The long QT syndrome in children: An international study of 287 patients

A. Garson, M. Dick, A. Fournier, P. C. Gillette, R. Hamilton, J. D. Kugler, G. F. Van Hare, V. Vetter, G. W. Vick

Research output: Contribution to journalArticlepeer-review

336 Scopus citations

Abstract

Background. The Pediatric Electrophysiology Society studied children with the long QT syndrome (LQTS) to describe the features of LQTS in patients less than 21 years old, define potential 'low-risk' and 'high-risk' subpopulations, and determine optimal treatment. Methods and Results. Patients less than 21 years old were included if either QT(c) was more than 0.44; they had unexplained syncope, seizures, or cardiac arrest preceded by emotion or exercise; or family history of LQTS. We found 287 patients from 26 centers in seven countries. Mean±SD age at presentation was 6.8±5.6; 9% presented with cardiac arrest, 26% with syncope, and 10% with seizures. Of those with symptoms, 67% had symptoms related to exercise. Family history was positive for long QT interval in 39% and for sudden death in 31%. Hearing loss was present in 4.5%. A normal QT(c) was present in 6%, and QT(c) of more than 0.60 was in 13%. Atrioventricular block occurred in 5%, but 13 of 15 patients had second-degree atrioventricular block (2:1), and only two of 287 had complete atrioventricular block. Ventricular arrhythmias were found on 16% of initial routine ECGs: 4% uniform premature ventricular contractions, 5% multiform premature ventricular contractions, 1% monomorphic ventricular tachycardia, and 6% torsade de pointes. Overall, treatment was effective for symptoms in 76% and for ventricular arrhythmias in 60%. There was no difference between propranolol and other β-blockers in effective treatment. Left stellectomy was performed in nine patients, and defibrillators were implanted in four; no sudden death occurred in these 13 patients. In follow- up (duration, 5.0±4 years; age, 10.9±6.3 years), 5% had cardiac arrest, 4% had syncope, and 1% had seizures. The two multivariate predictors of symptoms at follow-up were symptoms at presentation and propranolol failure. Sudden death occurred in 8%; multivariate predictors of sudden death were length of QT(c) at presentation of more than 0.60 and medication noncompliance. Conclusions. The appearance of 2:1 atrioventricular block, multiform premature ventricular contractions, and torsade de pointes are relatively more common in children with LQTS than other children and should raise the index of suspicion for LQTS. Because 9% of patients presented with cardiac arrest and no preceding symptoms, perhaps prophylactic treatment in asymptomatic children is indicated. Asymptomatic patients with normal QT(c) and positive family history may be a low-risk group. Patients with QT(c) of more than 0.60 are at particularly high risk for sudden death, and if treatment is not effective, consideration should be given to cardiac sympathetic denervation, pacemaker implantation, and perhaps implantation of a defibrillator.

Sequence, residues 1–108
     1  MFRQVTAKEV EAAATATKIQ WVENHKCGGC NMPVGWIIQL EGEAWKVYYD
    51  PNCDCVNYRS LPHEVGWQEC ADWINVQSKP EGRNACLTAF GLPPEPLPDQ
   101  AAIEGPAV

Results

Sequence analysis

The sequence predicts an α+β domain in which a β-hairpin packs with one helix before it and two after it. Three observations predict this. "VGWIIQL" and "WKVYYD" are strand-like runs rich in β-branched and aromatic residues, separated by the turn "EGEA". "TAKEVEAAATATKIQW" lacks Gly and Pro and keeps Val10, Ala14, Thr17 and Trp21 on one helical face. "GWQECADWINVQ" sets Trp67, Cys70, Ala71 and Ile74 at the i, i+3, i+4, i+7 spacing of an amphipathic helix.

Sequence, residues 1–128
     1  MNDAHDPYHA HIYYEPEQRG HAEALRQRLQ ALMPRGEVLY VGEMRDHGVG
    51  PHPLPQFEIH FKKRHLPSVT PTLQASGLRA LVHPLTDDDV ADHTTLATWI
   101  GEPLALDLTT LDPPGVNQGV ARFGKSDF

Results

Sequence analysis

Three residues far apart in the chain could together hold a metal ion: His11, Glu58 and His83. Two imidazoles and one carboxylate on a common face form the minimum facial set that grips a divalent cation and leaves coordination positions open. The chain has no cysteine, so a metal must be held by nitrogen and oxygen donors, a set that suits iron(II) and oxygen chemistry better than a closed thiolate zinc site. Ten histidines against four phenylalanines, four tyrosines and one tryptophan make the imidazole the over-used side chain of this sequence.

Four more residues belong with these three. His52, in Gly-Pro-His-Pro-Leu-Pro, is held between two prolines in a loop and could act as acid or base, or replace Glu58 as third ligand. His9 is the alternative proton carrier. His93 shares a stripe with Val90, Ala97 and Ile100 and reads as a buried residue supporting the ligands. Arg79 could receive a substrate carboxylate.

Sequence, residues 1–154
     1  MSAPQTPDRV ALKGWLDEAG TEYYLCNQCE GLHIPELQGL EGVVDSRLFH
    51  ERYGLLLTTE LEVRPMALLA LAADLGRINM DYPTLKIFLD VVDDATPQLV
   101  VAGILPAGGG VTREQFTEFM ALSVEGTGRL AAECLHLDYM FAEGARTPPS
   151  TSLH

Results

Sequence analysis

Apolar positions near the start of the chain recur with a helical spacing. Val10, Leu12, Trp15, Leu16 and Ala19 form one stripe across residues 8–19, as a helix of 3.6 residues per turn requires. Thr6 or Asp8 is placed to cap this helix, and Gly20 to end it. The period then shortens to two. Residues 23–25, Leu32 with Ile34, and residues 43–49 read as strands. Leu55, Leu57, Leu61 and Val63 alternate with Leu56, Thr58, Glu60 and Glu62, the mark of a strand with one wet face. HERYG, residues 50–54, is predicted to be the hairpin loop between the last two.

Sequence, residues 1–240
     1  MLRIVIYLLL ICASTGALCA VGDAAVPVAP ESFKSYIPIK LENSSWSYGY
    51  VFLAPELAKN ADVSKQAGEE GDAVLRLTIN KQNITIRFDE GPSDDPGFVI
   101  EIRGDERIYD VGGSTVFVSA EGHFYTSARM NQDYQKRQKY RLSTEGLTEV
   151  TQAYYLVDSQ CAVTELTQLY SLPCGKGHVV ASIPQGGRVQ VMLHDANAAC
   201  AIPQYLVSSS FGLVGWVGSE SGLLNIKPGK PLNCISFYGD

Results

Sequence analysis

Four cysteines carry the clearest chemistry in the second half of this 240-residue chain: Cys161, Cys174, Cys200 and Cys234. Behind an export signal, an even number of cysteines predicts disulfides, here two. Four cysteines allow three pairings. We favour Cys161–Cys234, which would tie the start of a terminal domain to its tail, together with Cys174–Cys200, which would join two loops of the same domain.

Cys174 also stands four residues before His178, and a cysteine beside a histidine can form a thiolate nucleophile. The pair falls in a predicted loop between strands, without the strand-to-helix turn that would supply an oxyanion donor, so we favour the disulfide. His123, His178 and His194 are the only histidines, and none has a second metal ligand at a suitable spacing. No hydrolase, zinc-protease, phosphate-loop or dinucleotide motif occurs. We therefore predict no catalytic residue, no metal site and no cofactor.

Original languageEnglish (US)
Pages (from-to)1866-1872
Number of pages7
JournalCirculation
Volume87
Issue number6
DOIs
StatePublished - 1993

Keywords

  • arrhythmias
  • electrophysiology
  • long QT syndrome
  • pediatrics
  • sudden death

ASJC Scopus subject areas

  • Cardiology and Cardiovascular Medicine
  • Physiology (medical)

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